Museum of Chinese Australian History virtual exhibition: 08 March – 20 May 2022 

Curators: Dr Ethel Villafranca and Vanessa Shia 

HerStory: Multiple facets of Chinese Australian Women highlights and celebrates the stories of nine Chinese Australian women. Aligning with this year’s International Women’s Day theme, Break the bias, this exhibition explores the multiple roles, accomplishments, and contributions of Chinese Australian women from early 1900s to the present.  

Museum of Chinese Australian History exhibitions and collections detail historical events and anecdotes about the Chinese in Australia but seldom touch on themes centred on Chinese Australian women and their stories. HerStory: Multiple facets of Chinese Australian Women, a play on the word ‘history’, refocuses historical narratives on women by advocating an alternative lens with which to view Chinese Australian women in history.  

Using objects to help in telling stories of these nine women, we challenge viewers to rethink traditional roles generally attributed to women across history; question what women’s experiences and achievements means to our contemporary life; and celebrate often ignored contributions of Chinese Australian women to our society.

Featured Women: 

Mrs Ho 
Herbalist/Businesswoman/Humanitarian/Life Coach 

Mrs Ho was born in China and arrived in Australia in the late 1800s. She married a Chinese herbalist (Ho Lup Mun) who ran Suey Gee Chong, an herbal business in Celestial Avenue in Melbourne, Victoria. Aside from selling herbs and offering diagnostic services to locals, they were also wholesaling and importing herbs as well as served as the distributor for Chinese herbalists around Victoria. When her husband passed away, Mrs Ho took over the business. 

Aside from being an accomplished business owner and caring mother of at least one child, Mrs Ho also adopted a few orphaned children who did not have any family members left in Australia. Numerous People came to her not only for medical consultation but also for guidance and advice on their lives. Remembered as always being sensible, wise, and jolly, her selfless actions made her a very well-respected figure within the Chinese community and the neighbourhoods around Little Bourke Street.

Mary Tong Way (nee Kong) 
Assistant Herbalist/Education Advocate 

Mary Tong Way was born in either 1870 or 1873 to parents Snig Kong and Ah Kong (nee Non) but was raised by German missionaries in Hong Kong. In 1893, Mary moved to Ballarat, Victoria for an arranged marriage to Reverend John Tong Way. They had several children including Alfred, Doris, Gladys, Hedley, and Samuel John.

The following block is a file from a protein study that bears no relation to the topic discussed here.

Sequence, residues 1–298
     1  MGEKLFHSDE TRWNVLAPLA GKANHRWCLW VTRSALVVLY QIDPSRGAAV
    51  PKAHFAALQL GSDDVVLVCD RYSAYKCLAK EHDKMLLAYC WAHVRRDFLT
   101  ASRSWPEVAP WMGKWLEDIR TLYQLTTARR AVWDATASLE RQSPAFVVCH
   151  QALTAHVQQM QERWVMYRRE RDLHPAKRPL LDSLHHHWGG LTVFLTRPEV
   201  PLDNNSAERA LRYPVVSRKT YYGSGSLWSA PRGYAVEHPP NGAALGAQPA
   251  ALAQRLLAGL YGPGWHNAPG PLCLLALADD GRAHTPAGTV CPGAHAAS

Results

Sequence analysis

She urged her children and grandchildren to take advantage of the educational opportunities available to them, to make something of their lives, and encouraged them to think independently. To family and friends, she expressed her views in a forthright manner, strongly opposing all manifestations of racial discrimination. 

In Ballarat, Mary was involved in the community, participating in activities such as the 1901 Australian Industrial Exhibition Ballarat, where her needlework was included. She is recognised as the trusted assistant of her husband, who was also an herbalist. Mary would receive herbs from his garden and boil these then pass on instructions to his patients. Oftentimes, she would be the one directly engaging with patients, especially white females.

Olive Mabel Clarice Yuk Seen Chinn (nee Wong) 

Mabel Chinn was born in Australia in 1884 to an Australian-born mother. Her father was born in China but moved to Australia as a child and later became a court interpreter for Chinese goldfield workers.  

Her musical talent is well recognised. Having been playing the piano since childhood, she later joined the Sydney Philharmonic Society. In the 1930s, Mabel founded the Oriental Orchestra, which was composed of Chinese and Australian musicians. They mainly performed for charity and fundraising events. In 1931, they held the ‘Grand Oriental Evening Concert’ to raise funds for the Hamilton District Hospital. Mabel was made a Life Governor of the hospital in recognition of her contributions.  

Chinn family members also performed with the orchestra—Mabel’s children sang and played musical instruments.  

The orchestra, whose members wore Chinese attires in all their performances, played mostly Western tunes but also a few Chinese ones or Western songs while using Chinese instruments. Over the decade, the orchestra supported numerous fundraising and charity events through their performances.